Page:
On March 1, 1903, the rules committee set the height of the pitcher’s mound to a maximum of fifteen inches — prior to this, mound heights were not regulated. The maximum elevation would drop to ten inches in 1969 due to the previous season’s dominating pitching, which saw batting averages plummet to all-time lows.
Here’s a handy little guide for identifying pitches while watching a ballgame. I like how each pitch is depicted from two different angles. Additional descriptive information about each pitch can be found at the graphic creator’s website here.
A quality start refers to when a starting pitcher goes at least six innings while giving up three earned runs or less. Sportswriter John Lowe of the Philadelphia Inquirer coined the term in 1985. While a quality start does not guarantee that a pitcher will walk away with a winning decision for the game, it implies that he has put his team in a position to win the game. Critics of the statistic argue that 3 earned runs in six innings translates into a 4.50 ERA. In spring 1992, however, David W. Smith published an article pointing out that from 1984 to 1991, the average ERA in a quality start was 1.91, indicating that 3 earned runs in six innings was at the extreme end of the spectrum, rather than the norm.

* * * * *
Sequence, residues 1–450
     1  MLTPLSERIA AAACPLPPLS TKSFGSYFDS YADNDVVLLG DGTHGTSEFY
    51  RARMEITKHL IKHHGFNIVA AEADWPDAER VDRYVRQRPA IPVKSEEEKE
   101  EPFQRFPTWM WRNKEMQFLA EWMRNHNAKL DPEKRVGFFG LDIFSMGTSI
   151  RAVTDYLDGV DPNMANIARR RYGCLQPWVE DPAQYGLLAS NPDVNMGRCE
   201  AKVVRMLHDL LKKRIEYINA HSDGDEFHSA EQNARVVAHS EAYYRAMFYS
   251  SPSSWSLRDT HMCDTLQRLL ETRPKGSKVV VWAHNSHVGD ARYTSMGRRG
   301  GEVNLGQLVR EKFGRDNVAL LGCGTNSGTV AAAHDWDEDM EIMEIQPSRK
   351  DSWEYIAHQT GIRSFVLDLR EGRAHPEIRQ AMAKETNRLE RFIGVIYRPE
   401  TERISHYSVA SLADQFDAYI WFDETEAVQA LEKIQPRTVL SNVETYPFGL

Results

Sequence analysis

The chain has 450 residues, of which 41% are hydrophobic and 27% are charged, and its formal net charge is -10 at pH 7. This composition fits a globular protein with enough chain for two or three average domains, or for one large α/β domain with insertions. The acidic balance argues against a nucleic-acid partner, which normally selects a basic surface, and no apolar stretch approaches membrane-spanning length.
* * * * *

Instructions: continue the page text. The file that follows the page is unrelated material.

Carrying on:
In 1995, Greg Maddux recorded 24 quality starts out of 25 games pitched, giving him the highest single-season quality start percentage (96%). Thus far in the 2014 season, Dodgers pitcher Clayton Kershaw leads the league with 19 quality starts in 21 games (90%).
Here’s something fun from Sportsnet Canada, featuring some of the grips of select pitches thrown by the Toronto Blue Jays pitching staff. The lineup is a little out of date, but the mechanics and physics of throwing all the various pitches never fail to fascinate. My own half-hearted attempts at throwing a curve ball as a kid never proved fruitful, but then, I was never that committed to becoming a pitcher.